Ian Poulter 'on borrowed time' to retain PGA Tour card
PALM BEACH GARDENS, Fla. (AP) — Ian Poulter used to start every Monday by opening the link to the Official World Golf Ranking.
It used to be satisfying. Now he doesn't even bother, and hasn't for the last 16 months.
"I've stopped looking, just because it's not a very nice number to look at," said Poulter, who has plunged all the way to No. 206. "It was good when it was No. 5. It was great. I used to look at it all the time. But 200 doesn't sound very good, does it?"
Making it worse is that the ranking file used to contain just 50 names per page, so some scrolling was involved.
LEADERBOARD: Check out scores from the Honda Classic
"I hate going four pages down," Poulter said. "It's miserable."
That's also the least of his worries at the moment. Poulter, so emotionally charged during a Ryder Cup, managed a small dose of self-deprecation about his world ranking. Of a more serious nature is that he is running out of time to keep his full status on the PGA Tour.
He took one step on Thursday by opening the Honda Classic with a 4-under 66, two shots off the lead shared by PGA Tour rookies Cody Gribble and Wesley Bryan. Poulter did all his work in three holes, starting with a fairway metal to a back pin that stopped 6 feet away for eagle on the par-5 third hole, a 20-foot birdie putt on the next hole and a bold tee shot over the edge of the water to 15 feet for birdie on the par-3 fifth.
And there were no bogeys, a clean card that allowed him to keep moving forward.
Poulter was going nowhere last year with a foot injury that got so bad he chose to sit out the rest of the season in May. That meant missing the Ryder Cup for the first time in 10 years, though his form was so bad that it would have been a tall order to spend a captain's pick on him.
When he returned in the fall, he had 10 events on a major medical extension to keep his card. He played four times on the PGA Tour and missed two cuts. Going into the Honda Classic, he has six tournaments remaining to earn either $220,301 or 154 FedEx Cup points.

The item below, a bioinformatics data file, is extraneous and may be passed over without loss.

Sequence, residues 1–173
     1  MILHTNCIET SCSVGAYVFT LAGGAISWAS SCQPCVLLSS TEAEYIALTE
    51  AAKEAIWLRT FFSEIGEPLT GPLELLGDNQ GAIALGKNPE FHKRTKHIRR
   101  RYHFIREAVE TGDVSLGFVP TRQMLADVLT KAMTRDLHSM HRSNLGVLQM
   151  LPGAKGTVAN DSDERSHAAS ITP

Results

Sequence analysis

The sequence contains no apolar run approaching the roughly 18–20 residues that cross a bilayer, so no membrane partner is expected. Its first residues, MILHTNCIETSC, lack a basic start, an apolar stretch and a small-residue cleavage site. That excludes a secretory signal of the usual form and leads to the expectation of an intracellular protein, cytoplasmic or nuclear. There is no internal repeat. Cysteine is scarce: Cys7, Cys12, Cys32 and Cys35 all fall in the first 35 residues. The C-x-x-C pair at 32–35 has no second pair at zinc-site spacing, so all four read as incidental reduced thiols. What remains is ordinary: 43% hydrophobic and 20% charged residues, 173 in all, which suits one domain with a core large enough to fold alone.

That's in the neighborhood of a fifth-place finish.
"I'm on borrowed time," Poulter said. "Yeah, I need to perform well. ... A win would be nice. I have to think that I've got a chance, I really do. The situation I'm in, I have to be aggressive, but I've got to be careful. I can't make many mistakes."
Poulter has always been about belief. Geoff Ogilvy once described him as perhaps the most confident player in golf. How else to explain how he could go from folding shirts as an assistant pro to winning his first year on the European Tour, earning a PGA Tour card and becoming America's biggest thorn in the Ryder Cup ?
Poulter reached as high as No. 5 in the world after the 2010 Masters, where he shared the 36-hole lead. The joke was that he got to No. 2 when he once said in a British magazine interview that when he reaches his full potential, it will be just him and Tiger Woods.
He knows the pressure of trying to qualify for a Ryder Cup team or even get into a certain spot in the ranking or a money list to get into a major.
This is different.
"Very different," he said. "I'm looking at it like I would like to be in a position with the six events I'm going to play to earn enough money, which secures everything. Back in the top 50. Back in a position to be in The Open Championship. Back in a position to enjoy the back half of the year."
He plans to be at the Valspar Championship, Arnold Palmer Invitational and Puerto Rico Open in successive weeks in March.
The clock is ticking.
"I have to earn enough money to continue the season," he said. "So if I play well in those six events, I've obviously got a great chance to do that. If I can win one of those six, then it takes care of it. And if I can win one of the first few, I can get into Augusta."
That's dreaming big. But that's how Poulter has been his entire career.
The next step, however, is getting through Friday.
Poulter had a golden chance to win this tournament two years ago when he had a three-shot lead going into the final round, and then he hit five balls into the water to shoot 75. That's one he'd like to have back, especially now.
This article was written by Doug Ferguson from The Associated Press and was legally licensed through the NewsCred publisher network. Please direct all licensing questions to firstname.lastname@example.org.